Have you ever wondered how machines like spaceships and refrigerators can send enormous amounts of power through their systems without any of that power ever leaking anywhere?
You’ve seen plumbing leaking before, right? So what’s the difference between your faulty plumbing and the high-precision systems of these machines?
The answer: vacuum feedthrough.
At this point, you’re probably wondering what vacuum feedthrough is. Well, right now you are going to get all of the information you need to know what it is and why it is so important.
If you are involved in engineering any kind of equipment that transmits power, or even high-pressure liquids and gases, then you need to know what vacuum feedthrough is and how it works. So, let’s jump straight in and answer all of these questions.
What Is a Vacuum Feedthrough?
Ais a particular kind of device that passes energy (perhaps an electrical current or photon pulse) or a substance (liquid or gas) from outside a vacuum into inside the vacuum.
The main reason why a vacuum feedthrough is so important is that it is the element that ensures no energy or substance is allowed to leak from the system. This is critical to machines working safely and efficiently, from refrigerators to spaceships.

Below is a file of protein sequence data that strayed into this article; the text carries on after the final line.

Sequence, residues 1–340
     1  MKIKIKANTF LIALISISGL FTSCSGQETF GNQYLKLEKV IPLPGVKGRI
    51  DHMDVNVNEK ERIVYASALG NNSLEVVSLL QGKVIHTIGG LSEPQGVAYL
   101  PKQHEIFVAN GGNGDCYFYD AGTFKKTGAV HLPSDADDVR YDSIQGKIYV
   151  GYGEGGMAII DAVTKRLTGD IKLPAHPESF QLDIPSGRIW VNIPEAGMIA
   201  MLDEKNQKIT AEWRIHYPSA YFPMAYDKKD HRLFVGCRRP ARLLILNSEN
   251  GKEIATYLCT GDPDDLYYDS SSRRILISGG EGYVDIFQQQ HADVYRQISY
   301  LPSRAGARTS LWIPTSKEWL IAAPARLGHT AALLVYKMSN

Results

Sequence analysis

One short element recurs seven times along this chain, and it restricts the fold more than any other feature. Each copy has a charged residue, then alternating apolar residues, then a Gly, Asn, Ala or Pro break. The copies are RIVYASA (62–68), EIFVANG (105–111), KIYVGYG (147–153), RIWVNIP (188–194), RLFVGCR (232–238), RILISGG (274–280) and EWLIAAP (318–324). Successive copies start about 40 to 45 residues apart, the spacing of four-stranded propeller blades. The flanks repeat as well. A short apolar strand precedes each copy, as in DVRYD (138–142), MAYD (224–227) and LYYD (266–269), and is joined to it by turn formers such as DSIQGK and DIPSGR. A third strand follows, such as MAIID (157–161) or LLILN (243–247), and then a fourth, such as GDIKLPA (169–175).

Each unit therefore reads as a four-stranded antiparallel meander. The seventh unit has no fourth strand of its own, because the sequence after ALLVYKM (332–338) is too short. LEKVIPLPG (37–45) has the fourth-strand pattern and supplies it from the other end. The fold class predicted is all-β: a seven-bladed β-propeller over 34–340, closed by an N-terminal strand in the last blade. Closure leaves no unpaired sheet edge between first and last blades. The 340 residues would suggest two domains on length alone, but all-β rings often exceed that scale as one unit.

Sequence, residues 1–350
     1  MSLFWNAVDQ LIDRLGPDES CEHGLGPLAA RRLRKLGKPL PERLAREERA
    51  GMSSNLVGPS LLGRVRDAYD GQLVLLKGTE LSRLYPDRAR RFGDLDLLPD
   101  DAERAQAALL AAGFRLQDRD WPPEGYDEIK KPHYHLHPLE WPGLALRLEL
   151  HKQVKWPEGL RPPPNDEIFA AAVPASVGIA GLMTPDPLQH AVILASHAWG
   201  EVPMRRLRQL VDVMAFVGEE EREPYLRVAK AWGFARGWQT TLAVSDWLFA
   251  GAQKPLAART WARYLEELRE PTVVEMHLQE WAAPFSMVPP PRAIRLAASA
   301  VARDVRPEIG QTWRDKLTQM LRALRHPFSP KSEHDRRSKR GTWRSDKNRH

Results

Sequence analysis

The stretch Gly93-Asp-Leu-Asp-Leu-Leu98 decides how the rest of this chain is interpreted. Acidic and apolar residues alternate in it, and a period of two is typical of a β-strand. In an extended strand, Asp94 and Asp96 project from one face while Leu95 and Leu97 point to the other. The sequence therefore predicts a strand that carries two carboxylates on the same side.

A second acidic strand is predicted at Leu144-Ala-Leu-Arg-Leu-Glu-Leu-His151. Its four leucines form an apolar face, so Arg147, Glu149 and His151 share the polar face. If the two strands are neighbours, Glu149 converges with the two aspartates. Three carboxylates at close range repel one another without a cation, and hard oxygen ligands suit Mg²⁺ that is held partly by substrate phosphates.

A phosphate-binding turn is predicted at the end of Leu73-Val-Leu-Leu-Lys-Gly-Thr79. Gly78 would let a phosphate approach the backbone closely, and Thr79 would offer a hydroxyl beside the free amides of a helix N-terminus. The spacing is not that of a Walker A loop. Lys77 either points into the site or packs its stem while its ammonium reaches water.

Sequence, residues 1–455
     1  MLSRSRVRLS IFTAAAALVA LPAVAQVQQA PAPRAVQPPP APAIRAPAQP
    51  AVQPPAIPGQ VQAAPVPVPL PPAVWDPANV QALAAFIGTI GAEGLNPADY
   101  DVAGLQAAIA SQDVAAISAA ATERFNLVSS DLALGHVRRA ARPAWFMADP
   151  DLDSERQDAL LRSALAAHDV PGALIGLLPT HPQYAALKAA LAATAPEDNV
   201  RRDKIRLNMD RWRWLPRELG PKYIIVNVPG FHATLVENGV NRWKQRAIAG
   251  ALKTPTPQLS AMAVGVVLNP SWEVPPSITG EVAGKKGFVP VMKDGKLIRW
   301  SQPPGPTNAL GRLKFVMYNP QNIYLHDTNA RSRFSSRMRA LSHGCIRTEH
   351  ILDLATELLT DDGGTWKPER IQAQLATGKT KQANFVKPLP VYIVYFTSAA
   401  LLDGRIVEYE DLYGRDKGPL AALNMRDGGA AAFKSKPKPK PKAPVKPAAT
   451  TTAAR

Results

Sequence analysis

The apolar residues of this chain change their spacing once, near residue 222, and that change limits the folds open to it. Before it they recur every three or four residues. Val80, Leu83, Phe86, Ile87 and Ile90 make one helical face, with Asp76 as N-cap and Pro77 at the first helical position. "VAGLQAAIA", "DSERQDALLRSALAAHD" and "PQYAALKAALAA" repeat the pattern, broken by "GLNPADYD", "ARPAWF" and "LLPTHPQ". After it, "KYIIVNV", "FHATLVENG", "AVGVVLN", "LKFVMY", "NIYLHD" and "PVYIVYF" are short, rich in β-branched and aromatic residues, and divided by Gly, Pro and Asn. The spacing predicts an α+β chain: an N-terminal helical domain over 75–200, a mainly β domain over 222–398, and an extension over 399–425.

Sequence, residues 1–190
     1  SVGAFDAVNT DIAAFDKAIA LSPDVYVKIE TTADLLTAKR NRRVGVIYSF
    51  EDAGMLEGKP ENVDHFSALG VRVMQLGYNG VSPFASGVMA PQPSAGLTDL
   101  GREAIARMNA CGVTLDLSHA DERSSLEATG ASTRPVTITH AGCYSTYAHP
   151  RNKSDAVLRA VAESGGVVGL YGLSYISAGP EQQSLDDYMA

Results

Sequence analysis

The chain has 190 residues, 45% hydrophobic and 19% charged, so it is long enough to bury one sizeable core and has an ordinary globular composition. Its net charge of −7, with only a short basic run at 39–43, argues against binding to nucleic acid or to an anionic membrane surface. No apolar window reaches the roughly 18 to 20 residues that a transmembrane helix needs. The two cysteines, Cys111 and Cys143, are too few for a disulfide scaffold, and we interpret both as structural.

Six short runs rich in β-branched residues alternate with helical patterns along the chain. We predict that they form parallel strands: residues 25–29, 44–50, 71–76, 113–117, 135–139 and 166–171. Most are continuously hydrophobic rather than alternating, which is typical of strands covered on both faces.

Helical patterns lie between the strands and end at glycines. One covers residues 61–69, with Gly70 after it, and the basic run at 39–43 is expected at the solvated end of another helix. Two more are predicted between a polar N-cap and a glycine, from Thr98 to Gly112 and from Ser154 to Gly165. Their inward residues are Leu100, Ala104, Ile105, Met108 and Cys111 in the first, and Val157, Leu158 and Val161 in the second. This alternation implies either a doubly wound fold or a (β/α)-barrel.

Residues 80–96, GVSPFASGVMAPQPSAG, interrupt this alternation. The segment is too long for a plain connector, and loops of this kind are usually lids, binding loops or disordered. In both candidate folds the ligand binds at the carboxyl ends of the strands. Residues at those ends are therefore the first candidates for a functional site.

Vacuum feedthrough is sometimes also referred to as electrical feedthrough when it is specifically used for passing an electrical current. These feedthroughs are usually made from glass or ceramic.
For this reason, vacuum feedthroughs are sometimes also referred to as glass feedthrough or ceramic feedthrough.
One further name you might know this piece of equipment by is hermetic feedthrough. Hermetic, like a vacuum, just means that an area has been completely sealed up.
Although the name may change from context to context, vacuum feedthrough performs more or less the same function in each. However, let’s start to look at the particular ways in which vacuum feedthroughs do differ from one another.
Vacuum Feedthrough Materials
The main thing that differentiates vacuum feedthrough types is the material they are made out of. When choosing the material for vacuum feedthrough, these are the primary factors that need to be considered:
- The substance or power component being transferred
- The volume being transferred
- The pressure of the transfer
- The heat of the system
- The cost of manufacture
Different feedthrough materials are better and worse suited to different types of environments, so there is no simple answer to which is best. Let’s look at the different materials one by one and see what their advantages and drawbacks are.
Glass to Metal
Traditionally, glass-to-metal and ceramic-to-metal seals have been the most popular. This is because they offer excellent reliability in high-pressure and high-thermal conditions.
Glass feedthroughs are most valuable in situations in which there are fluctuations in temperature, pressure, or humidity within a system.
Ceramic to Metal
A ceramic-to-metal feedthrough will usually cost more than glass feedthrough. This is because the manufacturing process is more intense, with more tooling being involved.